It's official: The Italian government allowed Palestinian terror organizations to act freely within its territory in exchange for their commitment to refrain from targeting national and international Italian sites.
In an article written by former Italian President Francesco Cossiga for the national newspaper Corriere della Sera he confesses, "I always knew, though not by official documents and information kept from me, about the existence of an agreement based on 'don't harm me and I won't harm you' between the Italian Republic and organizations such as the Popular Front for the Liberation of Palestine (PFLP) and the PLO."
According to Cossiga the agreement was approved and directed by former Italian Premier Aldo Moro, who "was awarded an extraordinary capability for the direction of Italian intelligence agencies and special forces after he received approval for the deal."
"According to the deal, the Palestinian organizations could establish bases in Italy, enjoyed freedom of movement when entering and exiting the country, and could move around without undergoing mandatory security checks because they were protected by the secret service," Cossiga explained.
"During my time as interior minister I learned that PLO people were holding heavy artillery in their homes and protected by diplomatic immunity as representatives of the Arab League. I was told not to worry and I managed to convince them to lay down their heavy artillery and make do with light weaponry."
Cossiga's article was published just one day after Corriere della Serra's reporter in Israel interviewed Bassam Abu Sharif in Jericho, who is considered the foreign minister of the PFLP. In the interview Sharif admitted that Italy permitted free movement to Palestinian organizations within its boundaries.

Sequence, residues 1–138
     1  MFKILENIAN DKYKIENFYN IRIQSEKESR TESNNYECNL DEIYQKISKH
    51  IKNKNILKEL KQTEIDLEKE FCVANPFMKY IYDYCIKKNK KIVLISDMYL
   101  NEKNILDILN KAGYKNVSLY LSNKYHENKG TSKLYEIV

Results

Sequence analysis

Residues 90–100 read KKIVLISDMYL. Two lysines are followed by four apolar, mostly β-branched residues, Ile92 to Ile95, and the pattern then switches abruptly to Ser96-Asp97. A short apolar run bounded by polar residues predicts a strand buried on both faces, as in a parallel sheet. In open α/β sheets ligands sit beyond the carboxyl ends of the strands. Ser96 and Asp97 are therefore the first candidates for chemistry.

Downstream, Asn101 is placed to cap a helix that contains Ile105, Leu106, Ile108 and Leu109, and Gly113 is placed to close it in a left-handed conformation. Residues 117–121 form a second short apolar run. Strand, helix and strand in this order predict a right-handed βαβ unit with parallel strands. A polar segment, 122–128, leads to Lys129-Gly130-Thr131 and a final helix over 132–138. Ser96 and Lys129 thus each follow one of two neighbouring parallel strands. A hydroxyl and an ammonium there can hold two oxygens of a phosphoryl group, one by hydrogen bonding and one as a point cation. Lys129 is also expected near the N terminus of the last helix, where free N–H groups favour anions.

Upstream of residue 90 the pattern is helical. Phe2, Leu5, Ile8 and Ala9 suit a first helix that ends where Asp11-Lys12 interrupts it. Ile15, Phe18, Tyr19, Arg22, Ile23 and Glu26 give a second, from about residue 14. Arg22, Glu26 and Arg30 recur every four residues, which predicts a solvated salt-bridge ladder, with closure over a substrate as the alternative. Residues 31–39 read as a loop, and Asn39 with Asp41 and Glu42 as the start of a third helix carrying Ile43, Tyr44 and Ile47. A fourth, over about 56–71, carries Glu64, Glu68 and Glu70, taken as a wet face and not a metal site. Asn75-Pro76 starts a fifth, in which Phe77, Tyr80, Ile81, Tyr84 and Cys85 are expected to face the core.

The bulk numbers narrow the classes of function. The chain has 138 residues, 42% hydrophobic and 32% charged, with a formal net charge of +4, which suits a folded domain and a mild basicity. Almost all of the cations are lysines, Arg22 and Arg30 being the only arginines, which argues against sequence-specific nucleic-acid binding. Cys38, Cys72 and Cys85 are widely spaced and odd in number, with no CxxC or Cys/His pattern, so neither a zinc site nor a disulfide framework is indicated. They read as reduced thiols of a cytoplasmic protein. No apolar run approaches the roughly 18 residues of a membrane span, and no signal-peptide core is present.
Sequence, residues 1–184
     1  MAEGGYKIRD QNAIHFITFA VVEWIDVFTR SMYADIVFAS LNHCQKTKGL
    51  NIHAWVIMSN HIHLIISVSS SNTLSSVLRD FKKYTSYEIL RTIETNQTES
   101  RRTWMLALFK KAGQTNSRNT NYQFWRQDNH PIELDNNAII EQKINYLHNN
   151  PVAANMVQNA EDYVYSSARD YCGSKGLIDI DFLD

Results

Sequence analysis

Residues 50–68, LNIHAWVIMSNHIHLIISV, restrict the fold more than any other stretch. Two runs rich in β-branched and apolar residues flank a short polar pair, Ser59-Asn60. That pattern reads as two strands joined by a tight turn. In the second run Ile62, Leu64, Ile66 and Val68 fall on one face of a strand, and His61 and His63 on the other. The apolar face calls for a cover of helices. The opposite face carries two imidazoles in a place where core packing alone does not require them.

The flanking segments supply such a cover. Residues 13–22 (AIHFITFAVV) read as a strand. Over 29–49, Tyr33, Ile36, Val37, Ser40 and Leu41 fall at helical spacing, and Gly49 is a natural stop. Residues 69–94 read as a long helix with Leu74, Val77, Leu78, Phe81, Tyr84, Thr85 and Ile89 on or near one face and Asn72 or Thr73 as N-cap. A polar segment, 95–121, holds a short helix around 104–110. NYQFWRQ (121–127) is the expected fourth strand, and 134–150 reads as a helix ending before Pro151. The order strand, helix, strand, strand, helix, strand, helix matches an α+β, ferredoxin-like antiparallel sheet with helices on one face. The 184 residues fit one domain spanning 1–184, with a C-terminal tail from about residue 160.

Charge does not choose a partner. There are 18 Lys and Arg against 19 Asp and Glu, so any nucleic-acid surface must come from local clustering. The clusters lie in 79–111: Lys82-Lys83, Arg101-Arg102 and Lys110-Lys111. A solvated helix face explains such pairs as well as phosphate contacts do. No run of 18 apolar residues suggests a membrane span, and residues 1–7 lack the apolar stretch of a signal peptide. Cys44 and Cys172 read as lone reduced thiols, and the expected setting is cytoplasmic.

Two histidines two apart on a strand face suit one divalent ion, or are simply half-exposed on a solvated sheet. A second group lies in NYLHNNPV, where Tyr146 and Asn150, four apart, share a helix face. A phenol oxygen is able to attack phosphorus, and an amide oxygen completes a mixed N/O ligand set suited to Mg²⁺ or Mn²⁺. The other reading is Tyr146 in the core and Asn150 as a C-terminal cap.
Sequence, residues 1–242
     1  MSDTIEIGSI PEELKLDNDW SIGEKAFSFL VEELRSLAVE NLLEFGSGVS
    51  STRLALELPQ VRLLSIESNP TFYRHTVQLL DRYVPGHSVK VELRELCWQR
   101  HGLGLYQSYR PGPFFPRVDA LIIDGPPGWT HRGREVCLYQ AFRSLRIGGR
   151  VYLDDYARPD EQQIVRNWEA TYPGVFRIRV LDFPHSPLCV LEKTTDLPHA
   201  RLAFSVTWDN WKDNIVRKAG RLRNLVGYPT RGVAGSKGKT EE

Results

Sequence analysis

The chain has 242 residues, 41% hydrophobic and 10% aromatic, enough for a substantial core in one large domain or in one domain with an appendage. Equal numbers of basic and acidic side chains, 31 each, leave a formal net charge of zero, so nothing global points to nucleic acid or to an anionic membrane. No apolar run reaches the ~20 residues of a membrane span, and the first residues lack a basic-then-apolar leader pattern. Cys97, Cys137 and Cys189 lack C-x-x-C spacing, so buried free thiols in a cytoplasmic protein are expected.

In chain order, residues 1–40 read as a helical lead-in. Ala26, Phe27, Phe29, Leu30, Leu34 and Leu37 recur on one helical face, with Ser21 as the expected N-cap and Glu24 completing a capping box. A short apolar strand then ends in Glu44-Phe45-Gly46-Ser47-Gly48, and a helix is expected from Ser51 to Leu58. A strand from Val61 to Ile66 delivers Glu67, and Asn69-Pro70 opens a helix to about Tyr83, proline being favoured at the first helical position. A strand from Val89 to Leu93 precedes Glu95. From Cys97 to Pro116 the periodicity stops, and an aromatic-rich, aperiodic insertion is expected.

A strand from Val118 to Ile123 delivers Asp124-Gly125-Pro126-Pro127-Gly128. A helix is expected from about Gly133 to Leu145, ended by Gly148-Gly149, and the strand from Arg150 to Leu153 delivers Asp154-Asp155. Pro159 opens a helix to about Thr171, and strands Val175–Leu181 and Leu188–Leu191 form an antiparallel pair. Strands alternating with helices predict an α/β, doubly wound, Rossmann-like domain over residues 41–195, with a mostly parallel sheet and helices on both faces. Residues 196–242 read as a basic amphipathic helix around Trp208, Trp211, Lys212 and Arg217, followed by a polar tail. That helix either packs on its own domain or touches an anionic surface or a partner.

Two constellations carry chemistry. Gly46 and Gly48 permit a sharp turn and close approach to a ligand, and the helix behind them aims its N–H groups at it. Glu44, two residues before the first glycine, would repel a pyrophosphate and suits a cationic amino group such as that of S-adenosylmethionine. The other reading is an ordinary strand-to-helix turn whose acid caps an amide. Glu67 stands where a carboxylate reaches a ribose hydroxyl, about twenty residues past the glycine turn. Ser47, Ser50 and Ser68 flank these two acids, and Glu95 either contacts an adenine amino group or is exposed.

But the agreement did not always run smoothly. On August 2, 1980 an explosion shook Bologna's train station; 85 people were killed and 200 more were injured in the blast. Cossiga believes it is entirely possible that the explosion was due to a "work accident" and that explosive materials handled by the Palestinians were responsible for the incident.
However Sharif claims that international intelligence agencies, mainly the Israeli Mossad, instigated the event in order to undermine the agreement between the Palestinian organizations and the Italian government. Thus Italians began to feel that the blast was not an outcome of a conflict between Italian extremists, but rather a consequence of the Israeli-Arab quarrel.
Aldo Moro himself was kidnapped by the Red Brigades terror organization. In a letter he sent from captivity the former premier admitted that "with the Palestinians we get along in a different manner." When he was nearing death he launched another letter in which he claimed that "only the Palestinians can serve as mediators with the Red Brigades."
Indeed, Sharif admitted recently that his organization held ties with the Italian leftist group, which ended up executing Moro and terrorizing Italy for many years.